In our researches we occasionally come across items from the old newspapers filled with interesting and useful facts and good writing.

The first item below—As the English See Us—appeared in the Vancouver Daily World on January 30, 1891, more than 116 years ago. We’ve broken the text into more paragraphs to make it more readable; the upper-case subheadings are as originally printed.

Following this item is a fascinating reminiscence by Vancouver businessman C.D. Rand that appeared in the Vancouver Daily Province on September 21, 1907.

When we come across other items that combine useful information with skill in the telling we’ll add them to this Discoveries page.




Its cosmopolitan people — A Coming Trade Centre — Social Life in a New City — Who Should Come West — The Matrimonial Market

The following article, descriptive of Vancouver and British Columbia from the pen of T.H. Moore, of Liscard, England, appeared in a recent issue of the Wallasey and Wirral Chronicle. It contains in brief form some very pertinent remarks on the Pacific Province of Canada:

The part of the Pacific coast that I know best is in British Columbia, the country round the mouth of the Fraser River, English Bay and Burrard Inlet, where two cities are situated, New Westminster and Vancouver. They are eleven miles apart; the first named is about thirty years old, and the latter about five years old. It is Canada’s latest new city, and a most wonderful city it is for its age. It is the Pacific coast terminus of the Canadian Pacific Railway.

Five or six years ago the site of Vancouver was a “howling wilderness,” covered with the largest sized forest trees, such as Douglas fir, pine, hemlock, and cedar. Now you find a beautiful city of over 17,000 inhabitants, that has every modern convenience. It is brilliantly lighted up by electricity and gas; it has electric train cars, and three opera houses, the last one built of granite. It has fine churches for all denominations, comprising three Church of England, three Methodist, one Roman Catholic, two Presbyterian, one Congregational, one Baptist, and a Salvation Army barracks. There are three large public schools, and many public buildings, as well as fine blocks of brick and granite stores and warehouses. For a city five years old, it is


to live at. You see people of all countries; and in the harbor are ships loading for China, Japan, Hongkong, South America, Australia, and New Zealand. Lumber, granite, coal, fish, and country produce, are exported; and fortnightly boats arrive from the Orient, bringing passengers and freight from India and other countries of Asia.

There are also daily trains and stages to other parts of British Columbia, and daily steamboats to Victoria, 80 miles distant, and to the Pacific coast cities of the United States, such as Seattle, Tacoma, Portland, San Francisco and Los Angeles; also to China and Japan. Fruit is cheap and plentiful, and just opposite the city, fruit ranches are being started and likely to thrive, for in the older parts of the province fruit has long grown in profusion, such as strawberries, apples, pears, peaches, raspberries and cranberries. Land near the city, suitable for fruit raising, is sold in small lots of five acres or less, at from $100 to $200 an acre. This land is up the sunny valleys across the inlet, overlooking the city.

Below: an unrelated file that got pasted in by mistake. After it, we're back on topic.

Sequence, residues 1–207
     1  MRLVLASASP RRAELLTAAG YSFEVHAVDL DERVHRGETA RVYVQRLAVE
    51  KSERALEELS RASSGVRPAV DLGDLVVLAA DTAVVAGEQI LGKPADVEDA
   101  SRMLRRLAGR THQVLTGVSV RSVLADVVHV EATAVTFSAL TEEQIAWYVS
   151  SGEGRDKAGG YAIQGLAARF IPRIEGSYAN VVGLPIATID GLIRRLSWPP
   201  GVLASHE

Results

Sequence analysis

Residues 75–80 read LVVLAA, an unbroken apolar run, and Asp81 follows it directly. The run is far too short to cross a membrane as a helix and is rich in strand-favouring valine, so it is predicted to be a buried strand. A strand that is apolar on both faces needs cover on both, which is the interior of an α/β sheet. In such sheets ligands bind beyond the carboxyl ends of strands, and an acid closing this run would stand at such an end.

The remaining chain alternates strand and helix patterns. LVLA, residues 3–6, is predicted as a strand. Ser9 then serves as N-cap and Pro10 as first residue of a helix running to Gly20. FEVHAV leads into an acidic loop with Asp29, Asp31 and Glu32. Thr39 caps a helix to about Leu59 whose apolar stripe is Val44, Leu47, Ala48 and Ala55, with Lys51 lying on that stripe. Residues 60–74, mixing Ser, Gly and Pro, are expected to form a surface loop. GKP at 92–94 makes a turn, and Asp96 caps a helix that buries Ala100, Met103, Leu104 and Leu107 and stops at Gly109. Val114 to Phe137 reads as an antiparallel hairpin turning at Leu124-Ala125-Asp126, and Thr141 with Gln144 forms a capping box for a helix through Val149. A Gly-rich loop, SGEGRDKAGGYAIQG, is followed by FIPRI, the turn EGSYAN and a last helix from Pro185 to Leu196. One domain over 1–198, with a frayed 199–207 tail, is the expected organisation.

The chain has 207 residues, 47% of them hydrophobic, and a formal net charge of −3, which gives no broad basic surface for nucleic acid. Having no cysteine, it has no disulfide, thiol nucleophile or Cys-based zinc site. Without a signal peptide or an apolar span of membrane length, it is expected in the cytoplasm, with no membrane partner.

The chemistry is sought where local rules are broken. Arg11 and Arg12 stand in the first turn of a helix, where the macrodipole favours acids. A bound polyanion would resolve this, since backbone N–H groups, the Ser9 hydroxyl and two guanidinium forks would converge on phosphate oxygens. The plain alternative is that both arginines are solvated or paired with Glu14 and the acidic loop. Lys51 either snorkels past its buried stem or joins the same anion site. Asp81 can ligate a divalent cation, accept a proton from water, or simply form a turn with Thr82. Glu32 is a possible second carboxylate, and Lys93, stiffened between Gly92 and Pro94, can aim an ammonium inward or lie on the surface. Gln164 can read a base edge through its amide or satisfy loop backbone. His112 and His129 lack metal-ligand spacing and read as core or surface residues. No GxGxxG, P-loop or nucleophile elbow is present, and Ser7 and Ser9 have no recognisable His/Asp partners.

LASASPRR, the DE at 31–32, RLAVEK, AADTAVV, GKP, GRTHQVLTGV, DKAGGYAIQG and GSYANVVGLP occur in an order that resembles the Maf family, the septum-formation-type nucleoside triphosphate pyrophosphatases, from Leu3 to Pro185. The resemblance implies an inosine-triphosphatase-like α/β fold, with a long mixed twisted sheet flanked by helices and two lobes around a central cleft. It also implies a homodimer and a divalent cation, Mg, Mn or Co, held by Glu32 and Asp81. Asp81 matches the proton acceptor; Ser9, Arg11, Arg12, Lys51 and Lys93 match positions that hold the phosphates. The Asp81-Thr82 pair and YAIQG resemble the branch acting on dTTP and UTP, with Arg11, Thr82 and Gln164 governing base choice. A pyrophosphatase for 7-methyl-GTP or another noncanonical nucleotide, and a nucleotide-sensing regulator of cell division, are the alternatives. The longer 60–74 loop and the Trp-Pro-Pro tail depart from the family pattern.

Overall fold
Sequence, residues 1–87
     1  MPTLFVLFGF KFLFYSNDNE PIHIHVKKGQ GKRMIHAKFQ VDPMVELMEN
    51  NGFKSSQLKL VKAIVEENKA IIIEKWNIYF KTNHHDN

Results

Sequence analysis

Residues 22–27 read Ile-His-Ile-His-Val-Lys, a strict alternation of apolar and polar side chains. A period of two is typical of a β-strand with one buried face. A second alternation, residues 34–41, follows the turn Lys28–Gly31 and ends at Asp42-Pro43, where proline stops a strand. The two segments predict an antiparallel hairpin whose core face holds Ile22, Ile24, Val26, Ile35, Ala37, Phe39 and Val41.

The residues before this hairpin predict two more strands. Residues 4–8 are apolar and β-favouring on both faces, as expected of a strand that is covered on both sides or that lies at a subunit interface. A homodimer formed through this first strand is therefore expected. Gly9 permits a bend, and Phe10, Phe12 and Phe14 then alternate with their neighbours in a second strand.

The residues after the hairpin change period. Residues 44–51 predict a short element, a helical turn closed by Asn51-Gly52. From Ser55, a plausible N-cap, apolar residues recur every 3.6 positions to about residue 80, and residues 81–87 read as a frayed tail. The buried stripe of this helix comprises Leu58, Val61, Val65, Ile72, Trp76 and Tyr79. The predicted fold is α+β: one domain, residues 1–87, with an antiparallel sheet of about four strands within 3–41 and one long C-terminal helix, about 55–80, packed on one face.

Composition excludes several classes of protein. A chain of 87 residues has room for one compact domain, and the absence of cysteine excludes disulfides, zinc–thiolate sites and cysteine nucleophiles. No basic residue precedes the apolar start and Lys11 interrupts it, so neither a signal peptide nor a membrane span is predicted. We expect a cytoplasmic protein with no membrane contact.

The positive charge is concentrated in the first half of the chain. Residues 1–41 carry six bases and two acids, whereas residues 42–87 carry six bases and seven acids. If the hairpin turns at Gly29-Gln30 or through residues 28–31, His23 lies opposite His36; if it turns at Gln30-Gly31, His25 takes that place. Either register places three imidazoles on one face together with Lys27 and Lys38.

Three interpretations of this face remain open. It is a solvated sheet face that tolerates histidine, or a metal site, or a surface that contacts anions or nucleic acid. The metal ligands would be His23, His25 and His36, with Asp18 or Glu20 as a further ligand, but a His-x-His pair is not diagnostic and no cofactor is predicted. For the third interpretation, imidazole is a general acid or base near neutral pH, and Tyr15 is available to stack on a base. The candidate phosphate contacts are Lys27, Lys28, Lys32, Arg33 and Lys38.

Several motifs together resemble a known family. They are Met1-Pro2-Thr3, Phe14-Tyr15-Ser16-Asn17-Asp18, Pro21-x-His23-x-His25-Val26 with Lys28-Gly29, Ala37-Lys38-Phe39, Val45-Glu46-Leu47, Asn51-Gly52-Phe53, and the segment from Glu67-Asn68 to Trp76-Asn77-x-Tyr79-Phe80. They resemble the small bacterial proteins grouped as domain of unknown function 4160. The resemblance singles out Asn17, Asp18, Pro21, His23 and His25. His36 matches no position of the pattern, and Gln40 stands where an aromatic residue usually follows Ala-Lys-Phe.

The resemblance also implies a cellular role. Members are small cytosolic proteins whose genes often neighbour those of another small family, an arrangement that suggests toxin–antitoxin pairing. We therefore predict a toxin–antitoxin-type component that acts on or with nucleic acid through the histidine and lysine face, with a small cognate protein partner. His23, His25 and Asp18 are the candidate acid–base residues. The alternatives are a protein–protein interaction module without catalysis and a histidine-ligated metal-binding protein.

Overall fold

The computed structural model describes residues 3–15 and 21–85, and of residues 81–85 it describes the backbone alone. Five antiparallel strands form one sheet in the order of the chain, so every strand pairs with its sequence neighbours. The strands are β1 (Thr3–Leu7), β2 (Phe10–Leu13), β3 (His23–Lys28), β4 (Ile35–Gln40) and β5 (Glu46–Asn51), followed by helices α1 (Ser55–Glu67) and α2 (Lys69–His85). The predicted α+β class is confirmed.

There is one ferry boat now and another is being talked of, or any rancher could have their own private rowing or sail boat to cross to the city with, or to sail for pleasure on the many miles of inland water. The city is well equipped with water works [note: water had been piped to Vancouver from the north shore since March of 1889], and is naturally well drained, for the ground on which Vancouver stands is like a saucer turned wrong side up, and there is clear, sparkling water on every side but one. On three sides are False Creek, English Bay, and Burrard Inlet.

Near the city is Stanley Park, which contains a drive of nine miles round. At the resting places on this route there are seats and arbors, from which you have fine views of the mountains and sunny valleys around the Inlet, and of a very high mountain, perpetually covered with snow, in the State of Washington, called Mount Baker.

Six miles from Vancouver you come to thousands of acres of prairie land, from which four to five tons of hay to the acre can be raised, and a thousand dollars worth of strawberries to the acre. At some of the old orchards, 20 miles from Vancouver, plums were so plentiful last year that they were given to the pigs. On the Fraser river salmon are marvelously plentiful. There has been a good deal of fruit and salmon wasted, but this will not be the case much longer, as canneries are being started. There are thousands of acres of agricultural and pastoral land as well as mineral lands in British Columbia, and the industries are numerous, consisting of lumbering, fishing, ship building, mixed farming, mining, manufacturing and trading.